In order to promote growth in Sweden over the long term, the Knowledge Foundation supports development in Swedish schools. With investments at both the national and regional level, the Foundation wants to increase ICT use, develop the school’s different ways of working and stimulate children in their desire to learn. Around 1,2 billions of Swedish crowns was invested in projects related towards these goals.

In 1996 the Knowledge Foundation commenced two programs for ICT in schools:

1. One program where schools in 55 local government communes have participated in 28 larger and 65 smaller projects with the aim of stimulating ICT development within schools.

The projects have been carried out in co-operation with the local government communes, which have partly financed the projects.

For example the answer on the question Where to teach?, was searched with the help of not so few of the 65 smaller projects. Many of them were distance learning projects equipped with modern lap tops.

2. The Knowledge Foundation has also provided assistance to approximately 94 teaching materials projects with the aim of offering ICT based teaching materials to schools.

I did work with this second project during it’s whole length therefore I would like to give a first hand account of it. The other source of my information about the “A new generation of school textbooks” as the project was officially called is based at the evaluation report published 2002.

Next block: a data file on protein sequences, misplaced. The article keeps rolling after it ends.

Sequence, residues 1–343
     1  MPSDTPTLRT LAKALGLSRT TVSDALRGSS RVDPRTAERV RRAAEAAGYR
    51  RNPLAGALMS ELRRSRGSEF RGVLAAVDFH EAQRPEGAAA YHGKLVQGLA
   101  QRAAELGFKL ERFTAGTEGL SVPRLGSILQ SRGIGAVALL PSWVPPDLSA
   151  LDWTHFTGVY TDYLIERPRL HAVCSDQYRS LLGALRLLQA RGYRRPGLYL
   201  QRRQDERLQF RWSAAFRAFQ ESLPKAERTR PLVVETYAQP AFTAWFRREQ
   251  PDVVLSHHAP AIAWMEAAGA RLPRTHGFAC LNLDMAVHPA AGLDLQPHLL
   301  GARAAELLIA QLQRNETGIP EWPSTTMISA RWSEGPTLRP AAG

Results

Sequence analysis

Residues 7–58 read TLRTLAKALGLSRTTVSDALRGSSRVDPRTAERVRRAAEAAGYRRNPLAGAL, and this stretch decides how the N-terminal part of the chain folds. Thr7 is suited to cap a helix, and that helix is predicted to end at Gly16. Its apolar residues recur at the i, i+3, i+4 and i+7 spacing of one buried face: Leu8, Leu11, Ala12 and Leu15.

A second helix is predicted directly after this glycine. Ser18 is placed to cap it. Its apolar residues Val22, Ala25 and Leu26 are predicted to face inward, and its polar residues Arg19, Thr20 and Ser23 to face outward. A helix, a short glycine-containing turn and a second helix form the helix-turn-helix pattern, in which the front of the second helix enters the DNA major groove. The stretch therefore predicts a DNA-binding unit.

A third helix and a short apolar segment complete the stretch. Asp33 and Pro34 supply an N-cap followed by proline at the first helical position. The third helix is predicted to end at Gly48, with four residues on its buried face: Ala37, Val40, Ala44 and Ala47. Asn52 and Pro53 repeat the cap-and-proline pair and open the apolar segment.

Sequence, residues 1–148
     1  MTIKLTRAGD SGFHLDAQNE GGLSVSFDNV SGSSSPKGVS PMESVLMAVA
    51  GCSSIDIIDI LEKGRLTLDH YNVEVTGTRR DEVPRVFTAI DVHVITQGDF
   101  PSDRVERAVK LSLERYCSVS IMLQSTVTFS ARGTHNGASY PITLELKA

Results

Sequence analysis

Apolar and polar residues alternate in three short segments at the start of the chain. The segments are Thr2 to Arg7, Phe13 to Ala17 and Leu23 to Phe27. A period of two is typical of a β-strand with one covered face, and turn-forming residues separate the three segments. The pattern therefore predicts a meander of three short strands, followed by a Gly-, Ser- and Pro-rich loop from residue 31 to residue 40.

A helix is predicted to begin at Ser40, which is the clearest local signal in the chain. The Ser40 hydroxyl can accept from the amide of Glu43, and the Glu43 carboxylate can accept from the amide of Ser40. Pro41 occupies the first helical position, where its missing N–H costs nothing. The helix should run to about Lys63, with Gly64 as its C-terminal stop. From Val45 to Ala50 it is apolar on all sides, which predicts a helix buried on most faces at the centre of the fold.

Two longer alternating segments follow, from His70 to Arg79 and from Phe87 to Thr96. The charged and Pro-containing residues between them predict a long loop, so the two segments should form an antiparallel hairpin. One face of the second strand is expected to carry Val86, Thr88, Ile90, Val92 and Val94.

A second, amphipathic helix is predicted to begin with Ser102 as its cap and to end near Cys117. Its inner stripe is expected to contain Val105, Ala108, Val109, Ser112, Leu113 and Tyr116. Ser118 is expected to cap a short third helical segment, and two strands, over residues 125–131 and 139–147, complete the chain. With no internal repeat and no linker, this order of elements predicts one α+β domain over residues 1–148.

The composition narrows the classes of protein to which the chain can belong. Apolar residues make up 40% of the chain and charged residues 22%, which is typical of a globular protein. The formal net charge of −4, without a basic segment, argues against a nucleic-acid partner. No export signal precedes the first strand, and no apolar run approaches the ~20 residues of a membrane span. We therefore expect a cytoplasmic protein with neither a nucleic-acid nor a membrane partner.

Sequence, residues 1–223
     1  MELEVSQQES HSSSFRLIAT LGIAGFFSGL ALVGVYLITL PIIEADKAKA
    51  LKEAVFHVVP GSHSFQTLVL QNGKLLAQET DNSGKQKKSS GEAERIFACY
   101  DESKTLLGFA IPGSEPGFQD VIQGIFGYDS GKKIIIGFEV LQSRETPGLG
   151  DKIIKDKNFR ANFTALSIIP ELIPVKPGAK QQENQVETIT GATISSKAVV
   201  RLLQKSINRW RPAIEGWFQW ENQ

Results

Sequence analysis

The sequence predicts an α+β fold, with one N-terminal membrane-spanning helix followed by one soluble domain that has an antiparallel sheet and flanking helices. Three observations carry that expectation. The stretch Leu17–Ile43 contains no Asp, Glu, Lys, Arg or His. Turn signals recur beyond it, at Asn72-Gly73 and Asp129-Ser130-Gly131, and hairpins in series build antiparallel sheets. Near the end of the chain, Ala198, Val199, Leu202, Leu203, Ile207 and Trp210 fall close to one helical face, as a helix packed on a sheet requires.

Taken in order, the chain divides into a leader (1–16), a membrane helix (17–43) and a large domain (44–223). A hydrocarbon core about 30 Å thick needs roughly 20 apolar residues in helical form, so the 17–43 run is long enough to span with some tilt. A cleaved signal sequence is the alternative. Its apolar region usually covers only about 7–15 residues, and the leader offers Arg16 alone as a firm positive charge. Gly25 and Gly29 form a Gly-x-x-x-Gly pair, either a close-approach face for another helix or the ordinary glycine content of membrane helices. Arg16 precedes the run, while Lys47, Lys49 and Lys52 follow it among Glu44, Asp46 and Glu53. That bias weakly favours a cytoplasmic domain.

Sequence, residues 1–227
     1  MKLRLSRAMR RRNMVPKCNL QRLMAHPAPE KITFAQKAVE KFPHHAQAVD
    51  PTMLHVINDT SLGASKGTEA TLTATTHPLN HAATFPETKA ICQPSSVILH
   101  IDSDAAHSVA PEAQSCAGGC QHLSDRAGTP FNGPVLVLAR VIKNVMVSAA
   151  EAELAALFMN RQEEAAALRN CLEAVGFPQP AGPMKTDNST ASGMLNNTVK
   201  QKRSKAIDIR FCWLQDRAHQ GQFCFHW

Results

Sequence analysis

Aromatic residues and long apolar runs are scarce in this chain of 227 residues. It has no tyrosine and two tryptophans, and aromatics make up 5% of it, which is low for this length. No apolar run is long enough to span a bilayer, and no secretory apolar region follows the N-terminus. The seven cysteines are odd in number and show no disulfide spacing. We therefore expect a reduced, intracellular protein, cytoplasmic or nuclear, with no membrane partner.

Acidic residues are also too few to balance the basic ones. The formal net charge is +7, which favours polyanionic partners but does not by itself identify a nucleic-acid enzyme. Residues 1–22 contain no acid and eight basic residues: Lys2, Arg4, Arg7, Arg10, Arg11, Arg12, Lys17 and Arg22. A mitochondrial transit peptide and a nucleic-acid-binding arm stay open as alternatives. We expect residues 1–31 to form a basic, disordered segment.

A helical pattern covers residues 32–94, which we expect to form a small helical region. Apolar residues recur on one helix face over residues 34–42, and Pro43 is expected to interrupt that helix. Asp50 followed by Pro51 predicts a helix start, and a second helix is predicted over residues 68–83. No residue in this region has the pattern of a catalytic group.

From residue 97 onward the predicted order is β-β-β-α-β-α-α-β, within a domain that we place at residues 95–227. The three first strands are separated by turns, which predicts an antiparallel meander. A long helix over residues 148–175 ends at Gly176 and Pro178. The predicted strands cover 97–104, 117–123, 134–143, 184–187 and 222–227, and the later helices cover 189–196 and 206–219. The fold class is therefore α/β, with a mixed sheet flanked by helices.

“A new generation of school textbook” started 1996 with the budget of 120 millions SEK. The main goal of the project was to deliver to the Swedish schools on the verge to enter ICT age, multimedia school books with a new kind of pedagogy. (The secondary goal was to create the stable ground for a creation of future multimedia industry in Sweden.) The project time was outstretched throughout three years with six applications rounds. During these publishers and publishing houses, ICT companies, universities and colleges, film and theater groups, different add hoc groups consisting of writers, ICT people and pedagogue, non governmental organizations (Save the children, Red Cross …), vocational teaching organizations and schoolteachers were supposed to seek funding for their own pedagogical project.

The first round of applications was dealt with during autumn 1996. Four more rounds of incoming application were subsequently organized with two rounds each year, one during springtime and the second in autumn. The Foundation received around 1000 applications which were evaluated by a small group of “experts”. 94 projects were chosen for funding. About 20 of these 94 were history projects. The last round of application never went on. The foundation made a judgment that there weren’t any new ideas for multimedia school books around.